Wednesday, April 8, 2020

Therapy as Farce

Fair enough, I am behind the curve on this one. About three years behind, if you’re counting. And yet, and yet, and yet, I feel compelled to post something about a now deceased Netflix series called “Gypsy.”

It has nothing to do with gypsies in any serious way, but, who’s counting?

Since the show is about a New York therapist, I feel a moral obligation to comment on it. The show demonstrates definitively that my descriptions of today’s therapy practice are far too generous. Just in case you think that I am begin too harsh on run-of-the-mill therapists, stream "Gypsy."

The show shows-- to coin an expression-- that therapy has passed beyond the stage of being a caricature of itself. Now it has become pure farce. 

Therapy began when Freud declared that we were all living out Greek tragedies. It ends as farce. Where have we heard that one before?

Naomi Watts does a fine acting job as New York therapist, Jean Holloway. Watts is clearly very talented. Yet, the script is appallingly bad; but that is not her fault. She tries valiantly to rescue it. Billy Crudup, as her lawyer husband, seems lost in his role, a mediocre actor playing a mediocre role. Their daughter, naturally, is having gender dysphoria issues. She’s 9. Mother Jean barely notices or cares.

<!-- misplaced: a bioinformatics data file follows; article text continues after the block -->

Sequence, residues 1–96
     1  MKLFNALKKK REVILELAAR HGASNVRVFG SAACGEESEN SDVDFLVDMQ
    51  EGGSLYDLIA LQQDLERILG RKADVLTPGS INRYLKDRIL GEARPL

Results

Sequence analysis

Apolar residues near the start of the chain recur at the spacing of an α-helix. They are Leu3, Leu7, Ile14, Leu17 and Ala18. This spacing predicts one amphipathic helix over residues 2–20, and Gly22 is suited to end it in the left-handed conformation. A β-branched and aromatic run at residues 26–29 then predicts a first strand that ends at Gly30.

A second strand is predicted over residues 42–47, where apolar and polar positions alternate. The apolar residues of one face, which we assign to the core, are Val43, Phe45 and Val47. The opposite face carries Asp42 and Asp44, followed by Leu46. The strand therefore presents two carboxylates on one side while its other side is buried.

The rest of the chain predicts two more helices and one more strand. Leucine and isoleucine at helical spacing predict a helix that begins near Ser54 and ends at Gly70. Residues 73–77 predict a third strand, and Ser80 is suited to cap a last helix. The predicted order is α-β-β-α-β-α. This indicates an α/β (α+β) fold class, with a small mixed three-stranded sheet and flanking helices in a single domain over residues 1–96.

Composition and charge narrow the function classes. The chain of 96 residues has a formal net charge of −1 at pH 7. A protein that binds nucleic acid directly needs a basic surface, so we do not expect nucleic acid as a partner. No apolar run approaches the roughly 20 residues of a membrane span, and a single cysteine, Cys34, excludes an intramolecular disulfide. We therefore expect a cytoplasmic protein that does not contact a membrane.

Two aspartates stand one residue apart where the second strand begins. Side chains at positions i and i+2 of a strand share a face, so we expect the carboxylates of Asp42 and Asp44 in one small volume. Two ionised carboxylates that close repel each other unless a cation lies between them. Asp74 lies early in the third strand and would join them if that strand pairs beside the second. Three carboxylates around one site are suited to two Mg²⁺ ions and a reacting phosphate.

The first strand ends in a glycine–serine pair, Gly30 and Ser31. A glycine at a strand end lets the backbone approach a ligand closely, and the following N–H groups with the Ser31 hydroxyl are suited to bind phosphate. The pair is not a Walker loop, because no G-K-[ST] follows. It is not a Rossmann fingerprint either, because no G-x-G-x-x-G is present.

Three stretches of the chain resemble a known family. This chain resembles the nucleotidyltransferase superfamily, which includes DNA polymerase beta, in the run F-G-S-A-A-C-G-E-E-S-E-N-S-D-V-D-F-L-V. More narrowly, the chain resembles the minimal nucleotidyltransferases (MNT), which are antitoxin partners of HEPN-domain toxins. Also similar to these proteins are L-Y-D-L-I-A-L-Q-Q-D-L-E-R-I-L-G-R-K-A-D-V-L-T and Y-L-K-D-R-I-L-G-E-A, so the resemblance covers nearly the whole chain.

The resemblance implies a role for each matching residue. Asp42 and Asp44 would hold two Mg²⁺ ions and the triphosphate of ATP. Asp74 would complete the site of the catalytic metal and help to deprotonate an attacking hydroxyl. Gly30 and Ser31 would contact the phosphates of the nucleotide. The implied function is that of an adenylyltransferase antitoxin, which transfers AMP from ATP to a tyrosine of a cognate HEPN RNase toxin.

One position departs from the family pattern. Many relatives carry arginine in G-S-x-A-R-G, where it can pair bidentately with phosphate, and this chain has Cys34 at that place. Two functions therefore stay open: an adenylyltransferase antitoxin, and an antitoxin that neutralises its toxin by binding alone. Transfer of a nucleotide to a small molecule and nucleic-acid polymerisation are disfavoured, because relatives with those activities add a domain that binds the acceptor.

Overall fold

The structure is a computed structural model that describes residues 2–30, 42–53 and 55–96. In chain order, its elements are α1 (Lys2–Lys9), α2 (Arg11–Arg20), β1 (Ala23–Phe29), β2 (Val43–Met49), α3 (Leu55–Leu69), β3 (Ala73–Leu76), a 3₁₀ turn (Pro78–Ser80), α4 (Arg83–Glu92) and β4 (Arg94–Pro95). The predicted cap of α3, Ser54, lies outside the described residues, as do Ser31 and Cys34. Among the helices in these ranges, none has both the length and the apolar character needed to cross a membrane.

The show presents some of the most pathetically mindless and soulless therapy sessions I have ever seen. The supposedly licensed and credentialed therapist traffics in buzzwords, meaningless terms that are thrown around so patients will imagine that they have actually gained some insight. Obviously, words like: feeling, control, boundaries, power… if these words disappeared from the language, most therapists would be struck dumb. Surely, Jean Holloway would.

And the therapists are constantly obsessing about the Freudian issue of what people really, really want. Or, was that the Spice Girls version?

And like members of a cult, Jean and her fellow therapists obsessively repeat the word “work,” as though what they are doing with their patients ever rises above tedious, boring conversation in a pretentious salon.